Radyo Lumad 1575 AM launches among ‘Lakbayanis’

18 September 2017, Quezon City Radyo Lumad starts airing today, broadcasted from the Kampuhan in the University of the Philippines – Diliman campus.

Radyo Lumad 1575 AM is the expression of the struggles of the Lumad who have been marginalized, discriminated, and oppressed. The radio is the voice of the Lumad in Mindanao that seeks to be heard. Through the radio, the Lumads can impart their culture, which amidst attacks, is diminishing along with the peoples”, Ailene Villarosa, officer of ‘Healing the Hurt’ Project said. 

Broadcast is currently being done from the Kampuhan in solidarity with the various Lumad communities carrying their call to nation’s capital under the ‘Lakbayan ng Pambansang Minorya para sa Sariling Pagpapasya at Makatarungang Kapayapaan (Journey of National Minorities for Self-Determination and Just Peace)’.

The launching kickstarted this morning and is set to continue airing every day from 8:00am-5:00pm in the province of Bukidnon and nearby areas, featuring stories from the Lumad communities of Northern Mindanao and Caraga regions.

Radyo Lumad is an initiative of RMP-NMR in partnership with the Kalumbay Regional Lumad Organization and the Kodao Productions. It was made possible with the support from the European Union under the ‘Healing the Hurt’ Project and supplemented by the World Association for Christian Communications.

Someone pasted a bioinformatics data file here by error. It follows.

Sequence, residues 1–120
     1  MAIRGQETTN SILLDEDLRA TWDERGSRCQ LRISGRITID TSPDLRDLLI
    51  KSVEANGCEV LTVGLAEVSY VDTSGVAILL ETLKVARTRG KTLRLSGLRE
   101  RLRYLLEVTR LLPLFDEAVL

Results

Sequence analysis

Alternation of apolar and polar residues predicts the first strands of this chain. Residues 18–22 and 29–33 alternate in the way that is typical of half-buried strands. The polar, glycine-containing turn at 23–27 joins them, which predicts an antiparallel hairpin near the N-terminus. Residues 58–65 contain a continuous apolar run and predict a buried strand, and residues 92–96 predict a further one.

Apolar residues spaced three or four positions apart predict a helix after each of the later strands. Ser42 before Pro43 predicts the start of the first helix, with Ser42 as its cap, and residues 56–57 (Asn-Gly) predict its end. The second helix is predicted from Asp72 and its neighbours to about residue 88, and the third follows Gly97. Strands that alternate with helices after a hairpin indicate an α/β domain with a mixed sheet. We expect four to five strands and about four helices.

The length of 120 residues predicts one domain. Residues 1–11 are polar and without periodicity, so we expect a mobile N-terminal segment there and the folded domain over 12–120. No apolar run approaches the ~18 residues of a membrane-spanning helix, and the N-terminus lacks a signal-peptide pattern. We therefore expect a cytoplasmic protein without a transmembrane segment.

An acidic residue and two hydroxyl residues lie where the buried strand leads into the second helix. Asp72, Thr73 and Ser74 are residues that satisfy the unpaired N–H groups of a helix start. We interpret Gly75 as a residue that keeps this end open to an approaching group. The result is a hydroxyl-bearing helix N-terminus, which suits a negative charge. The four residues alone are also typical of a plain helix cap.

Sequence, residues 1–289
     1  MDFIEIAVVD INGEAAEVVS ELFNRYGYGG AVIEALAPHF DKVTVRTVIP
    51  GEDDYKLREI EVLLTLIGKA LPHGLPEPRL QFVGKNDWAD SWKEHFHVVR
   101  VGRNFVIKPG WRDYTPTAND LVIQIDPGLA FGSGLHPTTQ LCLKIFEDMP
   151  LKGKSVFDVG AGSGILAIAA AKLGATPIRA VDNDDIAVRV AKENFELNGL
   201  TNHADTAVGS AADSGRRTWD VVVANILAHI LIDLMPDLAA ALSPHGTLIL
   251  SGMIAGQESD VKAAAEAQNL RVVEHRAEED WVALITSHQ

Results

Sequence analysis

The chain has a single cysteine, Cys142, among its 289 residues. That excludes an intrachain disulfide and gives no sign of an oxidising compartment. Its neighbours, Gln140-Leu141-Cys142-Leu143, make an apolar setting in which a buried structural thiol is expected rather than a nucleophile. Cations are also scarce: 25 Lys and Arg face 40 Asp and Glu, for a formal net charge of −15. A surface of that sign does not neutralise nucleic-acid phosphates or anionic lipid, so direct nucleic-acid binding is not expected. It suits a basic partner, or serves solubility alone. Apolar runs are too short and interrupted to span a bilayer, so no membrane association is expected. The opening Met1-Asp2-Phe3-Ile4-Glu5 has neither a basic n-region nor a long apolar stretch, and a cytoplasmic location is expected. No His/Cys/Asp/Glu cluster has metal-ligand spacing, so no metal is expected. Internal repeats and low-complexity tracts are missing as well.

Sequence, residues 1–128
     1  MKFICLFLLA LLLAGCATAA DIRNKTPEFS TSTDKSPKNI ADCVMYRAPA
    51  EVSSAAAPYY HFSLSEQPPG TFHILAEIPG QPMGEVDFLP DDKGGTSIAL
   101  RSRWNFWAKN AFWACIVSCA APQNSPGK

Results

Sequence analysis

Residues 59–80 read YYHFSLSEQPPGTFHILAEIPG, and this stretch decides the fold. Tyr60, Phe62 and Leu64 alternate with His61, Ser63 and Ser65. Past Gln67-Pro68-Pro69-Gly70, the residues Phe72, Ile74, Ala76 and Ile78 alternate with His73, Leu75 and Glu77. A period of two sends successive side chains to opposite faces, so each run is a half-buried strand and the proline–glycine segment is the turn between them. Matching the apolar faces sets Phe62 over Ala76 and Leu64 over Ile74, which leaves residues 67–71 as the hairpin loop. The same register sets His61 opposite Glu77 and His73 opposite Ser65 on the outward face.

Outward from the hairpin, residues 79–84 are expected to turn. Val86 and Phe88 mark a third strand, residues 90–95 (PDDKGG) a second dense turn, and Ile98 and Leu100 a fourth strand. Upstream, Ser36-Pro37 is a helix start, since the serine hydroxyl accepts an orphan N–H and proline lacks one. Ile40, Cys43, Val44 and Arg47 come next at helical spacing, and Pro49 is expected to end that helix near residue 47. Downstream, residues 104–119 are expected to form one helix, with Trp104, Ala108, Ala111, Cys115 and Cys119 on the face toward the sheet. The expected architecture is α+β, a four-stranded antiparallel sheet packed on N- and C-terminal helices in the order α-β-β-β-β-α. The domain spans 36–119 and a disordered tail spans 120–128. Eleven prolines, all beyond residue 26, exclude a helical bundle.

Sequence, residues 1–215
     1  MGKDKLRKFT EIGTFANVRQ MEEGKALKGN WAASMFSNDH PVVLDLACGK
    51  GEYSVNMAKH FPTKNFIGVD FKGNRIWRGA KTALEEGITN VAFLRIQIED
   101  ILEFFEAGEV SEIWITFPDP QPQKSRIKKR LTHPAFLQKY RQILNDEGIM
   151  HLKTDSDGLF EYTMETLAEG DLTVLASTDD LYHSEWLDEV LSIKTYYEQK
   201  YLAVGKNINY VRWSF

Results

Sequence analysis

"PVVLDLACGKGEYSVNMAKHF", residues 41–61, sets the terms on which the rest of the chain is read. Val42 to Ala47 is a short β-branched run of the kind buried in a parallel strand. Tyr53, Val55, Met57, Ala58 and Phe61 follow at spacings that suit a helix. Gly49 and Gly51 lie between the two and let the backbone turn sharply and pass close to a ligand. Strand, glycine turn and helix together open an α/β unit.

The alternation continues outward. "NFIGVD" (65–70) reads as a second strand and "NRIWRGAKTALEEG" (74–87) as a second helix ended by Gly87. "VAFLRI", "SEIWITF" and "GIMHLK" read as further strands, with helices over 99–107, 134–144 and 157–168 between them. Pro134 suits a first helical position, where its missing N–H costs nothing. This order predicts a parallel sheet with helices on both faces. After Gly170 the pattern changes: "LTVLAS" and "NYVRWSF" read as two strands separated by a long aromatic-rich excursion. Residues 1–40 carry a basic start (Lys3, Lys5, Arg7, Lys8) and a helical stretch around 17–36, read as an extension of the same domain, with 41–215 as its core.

Programming of the new station will be solely dedicated to Lumad stories, news reports, alternative music and advocacy songs for the Lumads produced by Mindanao musicians, and the traditional music of the Lumad communities. Aiding the work against the discrimination of the Lumads, live reports of cases of violations direct from communities and interviews with victims are also included in its programming. A specific segment will be allotted for interactive discourse on Lumad issues where questions from listeners via text messages or phone calls will be entertained.

The setting up of the radio aims at targeting listeners from the urban and rural poor communities who largely use radio both as an entertainment and a source of information. They also compose the overwhelming majority in the grassroots that have long developed socio-political prejudice and religious biases against Indigenous Peoples from stories they have heard from the mainstream media and other communication channels. ###